VA announces collaboration with Augusta-based America's Warrior Partnership to improve veteran care



The deputy secretary of the Department of Veterans Af­fairs announced Friday a collaboration with the Augusta-based veteran care organization America’s War­rior Partnership that he said will help advance the agency’s new strategy for improving patient care.

During a visit to Augusta, Sloan Gibson said the VA must improve its partnerships with nonprofit community-based groups and more effectively collaborate with agencies that can address veterans’ health care, housing and employment needs.

“We can’t do it on our own. We don’t have it all figured out and we need help,” he said at a news conference.

Gibson delivered the keynote address at the second annual Warrior Community Inte­gration Symposium, a two-day event bringing together nonprofits across the nation to discuss care for military veterans. America’s Warrior Partnership, the national arm of the Augusta Warrior Project, put on the symposium.

The collaboration aligns with the “myVA” initiative that seeks to reform the customer service experience and make it easier for veterans to get the care they need, Gibson said. The initiative was a response to lapses in patient care that included long wait times for appointments that in some cases, including at least three at Augusta’s Charlie Norwood VA Medical Center, contributed to a patient’s death.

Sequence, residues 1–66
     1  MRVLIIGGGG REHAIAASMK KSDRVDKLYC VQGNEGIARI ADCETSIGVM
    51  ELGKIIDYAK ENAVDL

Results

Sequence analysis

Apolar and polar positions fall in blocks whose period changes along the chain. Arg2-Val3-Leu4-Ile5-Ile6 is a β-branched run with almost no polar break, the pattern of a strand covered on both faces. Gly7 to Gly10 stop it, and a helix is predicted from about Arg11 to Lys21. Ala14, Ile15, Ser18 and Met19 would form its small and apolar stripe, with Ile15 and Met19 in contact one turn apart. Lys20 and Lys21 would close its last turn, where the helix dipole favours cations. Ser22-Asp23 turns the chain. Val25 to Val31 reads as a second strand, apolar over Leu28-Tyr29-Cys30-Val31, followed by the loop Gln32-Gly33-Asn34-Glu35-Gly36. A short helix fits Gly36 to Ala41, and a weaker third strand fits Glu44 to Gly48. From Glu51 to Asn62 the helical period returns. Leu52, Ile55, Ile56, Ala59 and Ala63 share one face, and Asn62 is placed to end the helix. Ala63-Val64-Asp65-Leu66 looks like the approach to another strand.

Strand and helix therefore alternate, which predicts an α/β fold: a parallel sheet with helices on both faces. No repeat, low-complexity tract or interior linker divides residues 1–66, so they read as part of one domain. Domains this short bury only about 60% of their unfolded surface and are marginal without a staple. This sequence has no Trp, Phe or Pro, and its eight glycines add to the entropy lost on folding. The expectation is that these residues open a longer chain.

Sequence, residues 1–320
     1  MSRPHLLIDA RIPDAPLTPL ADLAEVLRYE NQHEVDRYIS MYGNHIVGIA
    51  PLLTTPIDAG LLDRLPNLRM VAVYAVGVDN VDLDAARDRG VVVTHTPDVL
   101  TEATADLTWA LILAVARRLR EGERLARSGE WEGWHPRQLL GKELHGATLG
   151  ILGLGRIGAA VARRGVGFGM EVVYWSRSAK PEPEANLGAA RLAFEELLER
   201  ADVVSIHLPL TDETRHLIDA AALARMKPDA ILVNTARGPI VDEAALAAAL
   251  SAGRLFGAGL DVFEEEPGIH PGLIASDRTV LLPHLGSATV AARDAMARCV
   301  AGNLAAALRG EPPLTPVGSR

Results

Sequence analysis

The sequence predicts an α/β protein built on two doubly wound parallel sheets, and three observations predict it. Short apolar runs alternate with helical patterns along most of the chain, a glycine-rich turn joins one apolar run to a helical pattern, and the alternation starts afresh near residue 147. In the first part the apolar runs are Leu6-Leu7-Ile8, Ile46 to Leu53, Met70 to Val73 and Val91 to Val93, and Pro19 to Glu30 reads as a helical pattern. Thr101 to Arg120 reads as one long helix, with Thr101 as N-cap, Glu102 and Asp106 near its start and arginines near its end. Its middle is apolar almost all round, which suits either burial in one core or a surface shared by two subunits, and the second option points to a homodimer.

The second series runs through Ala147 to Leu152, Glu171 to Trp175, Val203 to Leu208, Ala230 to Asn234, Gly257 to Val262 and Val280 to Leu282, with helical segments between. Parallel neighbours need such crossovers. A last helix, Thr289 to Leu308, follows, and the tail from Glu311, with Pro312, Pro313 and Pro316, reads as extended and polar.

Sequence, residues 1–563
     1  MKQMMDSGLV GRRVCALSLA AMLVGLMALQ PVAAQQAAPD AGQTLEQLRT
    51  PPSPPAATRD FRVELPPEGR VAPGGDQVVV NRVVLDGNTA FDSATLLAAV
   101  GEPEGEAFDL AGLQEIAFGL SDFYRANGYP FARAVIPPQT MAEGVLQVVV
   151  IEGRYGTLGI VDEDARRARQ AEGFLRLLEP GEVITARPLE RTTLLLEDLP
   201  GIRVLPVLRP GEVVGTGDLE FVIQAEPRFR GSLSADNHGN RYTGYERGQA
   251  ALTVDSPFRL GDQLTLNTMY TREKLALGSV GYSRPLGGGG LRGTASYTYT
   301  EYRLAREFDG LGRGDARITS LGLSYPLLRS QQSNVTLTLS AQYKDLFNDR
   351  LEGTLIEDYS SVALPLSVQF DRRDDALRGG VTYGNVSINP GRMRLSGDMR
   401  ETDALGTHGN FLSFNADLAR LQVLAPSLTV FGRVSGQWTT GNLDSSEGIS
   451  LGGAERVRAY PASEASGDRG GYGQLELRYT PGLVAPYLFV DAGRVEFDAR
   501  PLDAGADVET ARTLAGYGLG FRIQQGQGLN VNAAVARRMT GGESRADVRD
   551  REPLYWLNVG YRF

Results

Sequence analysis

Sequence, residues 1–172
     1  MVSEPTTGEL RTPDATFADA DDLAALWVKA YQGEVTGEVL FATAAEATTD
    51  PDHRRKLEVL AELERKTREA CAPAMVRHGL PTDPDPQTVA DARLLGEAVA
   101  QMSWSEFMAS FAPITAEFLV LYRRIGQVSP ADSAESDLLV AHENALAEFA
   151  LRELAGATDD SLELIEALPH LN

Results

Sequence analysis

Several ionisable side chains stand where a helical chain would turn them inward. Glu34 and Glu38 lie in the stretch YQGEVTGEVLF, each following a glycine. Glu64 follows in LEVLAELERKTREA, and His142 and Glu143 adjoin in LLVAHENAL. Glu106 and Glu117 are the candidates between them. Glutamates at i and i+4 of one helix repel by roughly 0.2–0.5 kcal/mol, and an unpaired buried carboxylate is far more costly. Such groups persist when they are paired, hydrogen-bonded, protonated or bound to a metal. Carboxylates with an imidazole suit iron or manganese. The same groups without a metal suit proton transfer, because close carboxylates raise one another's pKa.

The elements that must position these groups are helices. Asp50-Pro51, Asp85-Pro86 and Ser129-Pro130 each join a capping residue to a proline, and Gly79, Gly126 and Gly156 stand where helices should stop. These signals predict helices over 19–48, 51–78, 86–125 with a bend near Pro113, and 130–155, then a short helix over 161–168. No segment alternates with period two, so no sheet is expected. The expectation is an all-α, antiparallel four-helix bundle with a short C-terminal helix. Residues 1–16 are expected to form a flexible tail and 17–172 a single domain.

Gibson, who visited the Augusta VA’s spinal cord injury unit and the Georgia War Veterans Nursing Home, said additional
clinical staff, extended hours and new leadership under Augusta VA Director Maria Andrews have improved patient care at the facility.

“I know there’s still work to do there,” he said. “I think we’ve got the right team and I think we’ve got the right leader. I expect they are going to be a very collaborative partner here.”

Relationships with nonprofits such as America’s Warrior Partnership are not unprecedented, Gibson said, but they have not always been successful or beneficial for veterans.

“We actually have some kind of relationship with tens of thousands of nonprofit organizations across the country. I would tell you those operate with varying degrees of success,” he said. “The VA, historically, has probably not had collaboration as one of its core competencies. That’s one of the things we’re trying to change in this.”

Gibson said efforts with America’s Warrior Partnership will be more strategic than past collaborations to identify veterans’ needs. The VA and the nonprofit will meet regularly to share information, resources and training opportunities; educate the public about
programs; and identify veterans that need help.

Gibson said veteran homelessness, career transition and mental health care are three areas the VA cannot address without help from outside groups.

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